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Shakespeare versus science in ISC
Plea to lighten English burden

Macbeth and Pygmalion are competing with math and physics for the undivided attention of ISC students focused on science, leaving schools in a dilemma over the otherwise highly regarded plus-two English syllabus.

Many school principals, teachers and students have written to the Council for the Indian School Certificate Examinations about the ISC English syllabus being so demanding that studies in the other subjects are being affected, particularly math, physics, chemistry and biology.

“English at the ISC level is a double-edged sword. It is a comprehensive syllabus, including William Shakespeare, George Bernard Shaw and Thomas Hardy. The flip side is that it requires more attention than students can afford to give if they are to do well in the other subjects as well, especially in the science stream,” said a veteran teacher.

English is taught as a first language in every ISC school and is compulsory for all students, irrespective of the stream they are in.

One of the suggestions is to trim the course material — some say Shakespeare should be first on the chopping block — to make it easier for students to cope with the subject without compromising on their other studies.

“The ISC English syllabus needs to be pruned, especially for the sake of students preparing for all-India competitive exams like the IIT-JEE. Their studies are being affected by the accent on English,” said Dora Banerjee, principal of Bhawanipur Gujarati Education Society School.

Academicians say that if not reduce the burden, the council should consider bifurcating the English syllabus.

“The existing system of evaluating students in English based on the entire course material for classes XI and XII is a burden on them. They would be better off if the Class XII final exam didn’t have questions from what was taught the previous year,” said a teacher of a south Calcutta school.

Shakespeare poses a problem not only for the students but also for schools that don’t have teachers qualified to demystify the Bard in unabridged form for beginners.

The current syllabus has Macbeth, Shaw’s Pygmalion and Hardy’s novel The Mayor of Casterbridge along with a collection of essays.

The two papers — language and literature — carry 100 marks each with students required to answer one compulsory question on Macbeth or Pygmalion and four more based on at least three of the prescribed texts, which could include Shakespeare and Shaw in a particular year.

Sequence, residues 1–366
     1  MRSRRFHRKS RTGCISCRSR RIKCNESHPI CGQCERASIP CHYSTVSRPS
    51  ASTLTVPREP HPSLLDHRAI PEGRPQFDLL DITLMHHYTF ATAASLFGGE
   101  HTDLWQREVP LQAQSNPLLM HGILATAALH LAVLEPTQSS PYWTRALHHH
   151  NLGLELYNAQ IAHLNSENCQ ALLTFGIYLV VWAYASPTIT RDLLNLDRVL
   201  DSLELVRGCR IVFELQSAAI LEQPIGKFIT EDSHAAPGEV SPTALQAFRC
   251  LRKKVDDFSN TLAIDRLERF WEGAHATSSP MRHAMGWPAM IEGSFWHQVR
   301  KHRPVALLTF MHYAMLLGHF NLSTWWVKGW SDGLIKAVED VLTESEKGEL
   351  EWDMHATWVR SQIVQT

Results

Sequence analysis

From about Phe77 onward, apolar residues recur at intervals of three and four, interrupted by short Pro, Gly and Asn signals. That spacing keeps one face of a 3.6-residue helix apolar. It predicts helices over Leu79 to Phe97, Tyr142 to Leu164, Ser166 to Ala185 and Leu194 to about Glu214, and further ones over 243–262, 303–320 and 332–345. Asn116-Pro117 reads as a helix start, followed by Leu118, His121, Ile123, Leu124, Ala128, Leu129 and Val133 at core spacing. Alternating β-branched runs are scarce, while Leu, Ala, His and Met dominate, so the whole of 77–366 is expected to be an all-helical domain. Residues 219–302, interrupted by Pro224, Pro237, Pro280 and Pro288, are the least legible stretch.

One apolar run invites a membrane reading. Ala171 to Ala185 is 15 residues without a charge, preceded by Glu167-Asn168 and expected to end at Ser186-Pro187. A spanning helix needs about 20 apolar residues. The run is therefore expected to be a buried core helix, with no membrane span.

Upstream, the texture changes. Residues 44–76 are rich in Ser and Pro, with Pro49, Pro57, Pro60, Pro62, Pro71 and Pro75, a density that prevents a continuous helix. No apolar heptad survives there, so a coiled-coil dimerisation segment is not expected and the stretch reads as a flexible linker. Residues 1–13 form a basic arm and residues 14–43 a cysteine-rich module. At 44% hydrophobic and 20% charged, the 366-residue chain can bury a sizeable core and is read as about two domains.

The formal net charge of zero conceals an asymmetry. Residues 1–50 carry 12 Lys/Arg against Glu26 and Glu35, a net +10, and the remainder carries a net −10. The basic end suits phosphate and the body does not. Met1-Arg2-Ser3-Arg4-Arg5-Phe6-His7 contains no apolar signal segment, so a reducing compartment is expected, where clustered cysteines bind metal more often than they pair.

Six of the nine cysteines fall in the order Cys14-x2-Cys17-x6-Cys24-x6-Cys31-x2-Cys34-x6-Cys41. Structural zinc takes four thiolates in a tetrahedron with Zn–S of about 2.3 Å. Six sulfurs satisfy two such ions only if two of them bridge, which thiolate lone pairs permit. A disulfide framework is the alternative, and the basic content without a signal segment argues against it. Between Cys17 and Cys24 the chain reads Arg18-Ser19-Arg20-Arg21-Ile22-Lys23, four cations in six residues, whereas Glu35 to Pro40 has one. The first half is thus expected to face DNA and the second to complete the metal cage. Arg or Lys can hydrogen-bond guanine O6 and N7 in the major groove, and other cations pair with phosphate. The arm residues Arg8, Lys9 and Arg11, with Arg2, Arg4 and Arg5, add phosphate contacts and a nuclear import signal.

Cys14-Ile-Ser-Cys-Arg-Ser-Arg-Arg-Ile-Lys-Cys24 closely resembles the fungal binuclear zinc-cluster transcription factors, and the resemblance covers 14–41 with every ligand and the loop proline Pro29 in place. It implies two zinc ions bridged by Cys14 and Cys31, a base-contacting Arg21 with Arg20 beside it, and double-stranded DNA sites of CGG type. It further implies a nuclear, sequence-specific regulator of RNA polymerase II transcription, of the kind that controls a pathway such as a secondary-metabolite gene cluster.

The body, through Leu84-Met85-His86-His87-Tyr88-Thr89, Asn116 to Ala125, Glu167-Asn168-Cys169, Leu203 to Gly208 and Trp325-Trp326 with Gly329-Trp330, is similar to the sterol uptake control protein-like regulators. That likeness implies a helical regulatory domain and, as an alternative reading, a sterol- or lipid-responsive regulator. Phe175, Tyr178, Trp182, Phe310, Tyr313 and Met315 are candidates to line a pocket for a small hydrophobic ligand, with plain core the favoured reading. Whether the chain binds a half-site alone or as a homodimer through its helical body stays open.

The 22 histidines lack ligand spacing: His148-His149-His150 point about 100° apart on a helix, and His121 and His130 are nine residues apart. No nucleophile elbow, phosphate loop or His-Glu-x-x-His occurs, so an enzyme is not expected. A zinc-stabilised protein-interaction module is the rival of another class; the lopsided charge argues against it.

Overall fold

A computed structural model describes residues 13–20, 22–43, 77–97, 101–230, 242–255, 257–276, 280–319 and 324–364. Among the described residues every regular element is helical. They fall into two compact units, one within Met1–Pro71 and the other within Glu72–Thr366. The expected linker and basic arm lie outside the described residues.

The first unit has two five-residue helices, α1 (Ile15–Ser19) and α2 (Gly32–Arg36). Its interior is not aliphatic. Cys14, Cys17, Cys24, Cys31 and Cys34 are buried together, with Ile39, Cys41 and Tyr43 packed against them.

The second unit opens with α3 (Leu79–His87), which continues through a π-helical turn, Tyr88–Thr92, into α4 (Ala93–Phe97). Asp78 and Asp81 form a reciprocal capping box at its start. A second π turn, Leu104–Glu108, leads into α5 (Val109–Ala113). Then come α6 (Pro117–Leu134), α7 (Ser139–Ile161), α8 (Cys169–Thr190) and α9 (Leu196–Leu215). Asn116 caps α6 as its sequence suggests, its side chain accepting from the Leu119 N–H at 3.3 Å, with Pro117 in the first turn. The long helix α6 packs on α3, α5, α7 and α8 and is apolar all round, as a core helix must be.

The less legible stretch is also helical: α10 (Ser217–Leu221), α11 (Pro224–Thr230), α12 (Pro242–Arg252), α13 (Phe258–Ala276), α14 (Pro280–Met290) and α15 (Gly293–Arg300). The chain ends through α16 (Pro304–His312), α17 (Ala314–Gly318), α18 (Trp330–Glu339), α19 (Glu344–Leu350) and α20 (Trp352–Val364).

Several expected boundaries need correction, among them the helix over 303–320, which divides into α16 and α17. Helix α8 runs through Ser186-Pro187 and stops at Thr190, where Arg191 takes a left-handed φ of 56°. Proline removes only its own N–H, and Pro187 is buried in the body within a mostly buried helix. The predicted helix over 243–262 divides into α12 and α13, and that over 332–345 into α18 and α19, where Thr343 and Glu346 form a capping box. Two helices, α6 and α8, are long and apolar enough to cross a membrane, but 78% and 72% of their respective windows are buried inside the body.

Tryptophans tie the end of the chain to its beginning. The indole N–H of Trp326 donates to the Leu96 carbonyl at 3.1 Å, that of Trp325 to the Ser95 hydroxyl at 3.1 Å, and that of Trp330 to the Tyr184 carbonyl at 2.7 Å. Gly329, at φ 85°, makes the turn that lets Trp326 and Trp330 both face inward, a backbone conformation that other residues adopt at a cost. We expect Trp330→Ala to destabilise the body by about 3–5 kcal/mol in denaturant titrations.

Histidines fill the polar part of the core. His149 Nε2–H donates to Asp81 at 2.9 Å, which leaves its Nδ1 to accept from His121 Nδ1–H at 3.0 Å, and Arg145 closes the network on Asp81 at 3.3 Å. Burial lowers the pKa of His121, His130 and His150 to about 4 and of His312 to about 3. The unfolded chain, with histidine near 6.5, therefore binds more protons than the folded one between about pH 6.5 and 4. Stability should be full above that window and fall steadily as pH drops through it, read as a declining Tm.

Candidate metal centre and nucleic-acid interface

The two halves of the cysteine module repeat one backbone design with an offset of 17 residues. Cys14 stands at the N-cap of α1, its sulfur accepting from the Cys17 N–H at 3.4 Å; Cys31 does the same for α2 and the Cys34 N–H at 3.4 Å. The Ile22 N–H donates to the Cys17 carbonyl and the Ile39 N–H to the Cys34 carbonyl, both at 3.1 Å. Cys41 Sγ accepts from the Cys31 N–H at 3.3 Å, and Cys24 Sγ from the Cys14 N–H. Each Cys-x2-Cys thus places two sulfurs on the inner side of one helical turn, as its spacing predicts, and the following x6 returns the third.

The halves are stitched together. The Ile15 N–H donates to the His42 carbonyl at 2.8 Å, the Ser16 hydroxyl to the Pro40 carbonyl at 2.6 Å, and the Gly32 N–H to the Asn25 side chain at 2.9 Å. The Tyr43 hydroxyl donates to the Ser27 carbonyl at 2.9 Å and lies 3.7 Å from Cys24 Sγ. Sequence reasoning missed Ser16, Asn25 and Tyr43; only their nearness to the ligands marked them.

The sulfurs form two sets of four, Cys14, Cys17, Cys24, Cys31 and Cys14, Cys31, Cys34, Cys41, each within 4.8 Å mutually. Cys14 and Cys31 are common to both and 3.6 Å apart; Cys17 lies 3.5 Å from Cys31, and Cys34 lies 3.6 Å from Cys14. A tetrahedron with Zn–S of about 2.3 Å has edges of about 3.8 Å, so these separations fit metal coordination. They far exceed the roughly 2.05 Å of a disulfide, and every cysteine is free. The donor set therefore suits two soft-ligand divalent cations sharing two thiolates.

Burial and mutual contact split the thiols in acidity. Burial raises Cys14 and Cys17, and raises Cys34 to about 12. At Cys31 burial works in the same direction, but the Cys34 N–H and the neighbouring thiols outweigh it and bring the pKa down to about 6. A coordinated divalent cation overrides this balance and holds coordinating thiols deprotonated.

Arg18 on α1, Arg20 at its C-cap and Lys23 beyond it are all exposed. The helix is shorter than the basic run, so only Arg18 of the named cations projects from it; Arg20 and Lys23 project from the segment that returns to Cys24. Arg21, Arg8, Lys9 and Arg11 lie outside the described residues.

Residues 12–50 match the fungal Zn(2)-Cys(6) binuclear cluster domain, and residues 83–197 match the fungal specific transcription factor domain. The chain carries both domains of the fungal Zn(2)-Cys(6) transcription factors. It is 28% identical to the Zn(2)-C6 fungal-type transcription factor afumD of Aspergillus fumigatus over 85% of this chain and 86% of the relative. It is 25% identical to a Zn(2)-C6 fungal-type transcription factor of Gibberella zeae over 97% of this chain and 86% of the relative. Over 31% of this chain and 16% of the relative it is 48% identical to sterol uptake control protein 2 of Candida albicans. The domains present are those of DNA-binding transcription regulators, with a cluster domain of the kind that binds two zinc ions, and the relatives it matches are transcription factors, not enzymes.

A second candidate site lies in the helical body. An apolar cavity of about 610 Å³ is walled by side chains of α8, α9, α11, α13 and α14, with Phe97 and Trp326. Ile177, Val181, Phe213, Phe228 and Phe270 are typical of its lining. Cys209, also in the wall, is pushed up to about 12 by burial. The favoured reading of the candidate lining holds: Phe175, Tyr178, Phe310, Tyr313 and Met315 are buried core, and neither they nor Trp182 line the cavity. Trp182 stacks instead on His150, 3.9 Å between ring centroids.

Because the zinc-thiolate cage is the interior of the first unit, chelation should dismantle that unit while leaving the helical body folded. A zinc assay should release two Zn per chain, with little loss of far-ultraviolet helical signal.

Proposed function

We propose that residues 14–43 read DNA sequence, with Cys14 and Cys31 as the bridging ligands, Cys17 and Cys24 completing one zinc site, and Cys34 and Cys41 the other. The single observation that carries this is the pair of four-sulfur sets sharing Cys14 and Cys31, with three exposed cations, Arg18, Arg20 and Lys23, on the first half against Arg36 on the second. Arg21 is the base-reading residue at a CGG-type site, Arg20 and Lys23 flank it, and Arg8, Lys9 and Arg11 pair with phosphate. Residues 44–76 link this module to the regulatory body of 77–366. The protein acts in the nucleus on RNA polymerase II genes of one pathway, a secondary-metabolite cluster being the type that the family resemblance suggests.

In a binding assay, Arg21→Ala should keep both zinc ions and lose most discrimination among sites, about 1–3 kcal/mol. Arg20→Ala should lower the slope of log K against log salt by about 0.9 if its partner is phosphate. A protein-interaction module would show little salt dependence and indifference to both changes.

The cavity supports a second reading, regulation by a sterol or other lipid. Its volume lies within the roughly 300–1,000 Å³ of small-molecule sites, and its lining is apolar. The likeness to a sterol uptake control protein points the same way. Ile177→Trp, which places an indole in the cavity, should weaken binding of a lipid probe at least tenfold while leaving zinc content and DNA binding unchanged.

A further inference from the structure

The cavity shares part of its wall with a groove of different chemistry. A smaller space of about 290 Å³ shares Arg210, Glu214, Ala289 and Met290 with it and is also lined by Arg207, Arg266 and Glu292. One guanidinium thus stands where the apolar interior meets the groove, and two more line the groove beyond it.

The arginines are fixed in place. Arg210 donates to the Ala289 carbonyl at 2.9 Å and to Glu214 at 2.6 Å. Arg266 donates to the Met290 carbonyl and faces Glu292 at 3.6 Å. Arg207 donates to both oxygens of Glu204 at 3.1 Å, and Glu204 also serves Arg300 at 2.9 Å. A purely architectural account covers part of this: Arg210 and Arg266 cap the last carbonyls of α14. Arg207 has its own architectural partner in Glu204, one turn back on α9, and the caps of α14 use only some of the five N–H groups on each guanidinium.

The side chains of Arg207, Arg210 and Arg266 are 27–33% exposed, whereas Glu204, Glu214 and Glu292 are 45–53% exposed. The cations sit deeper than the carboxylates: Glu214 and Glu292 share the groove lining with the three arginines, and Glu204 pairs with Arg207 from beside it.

Apart from the classics, the prescribed texts include a book of poems and a compilation of short stories.

“Nobody doubts that the ISC English syllabus is the best. But now that ISC schools have spread to small towns, we feel a syllabus as tough as this is not suitable for students who might not have been exposed to the best standards of English teaching in their early years,” a source in the council said.

In CBSE plus-two, students need to write one English paper, which helps those preparing for competitive exams to focus on their subjects of choice. In Higher Secondary too, English is taught as a second language in most schools and students are required to write a lone paper.

“Students need to have a focussed approach to be able to crack competitive exams. Those in ISC have to devote so much time to English that their preparations in the subjects that might determine their careers suffer,” a teacher said.

Sanchita Bose, principal of Mahavir Institute of Education and Research, suggested segregating the syllabus rather than snipping off Shakespeare or Shaw.

“English being the pillar of the ISC course, we should not dilute the syllabus by reducing the content. We can retain our standards and yet reduce the pressure on students if we test them on the basis of the Class XII syllabus,” Bose said. “We will soon send our suggestions to the council.”

Gerry Arathoon, chief executive and secretary of the council, said there was no plan to scrap Shakespeare or bifurcate the English syllabus. “We have only requested the heads of all affiliated schools to give us their feedback on various issues, including the ISC curriculum. The other topics are examinations, administration, training programmes and affiliation. Individual responses are awaited.”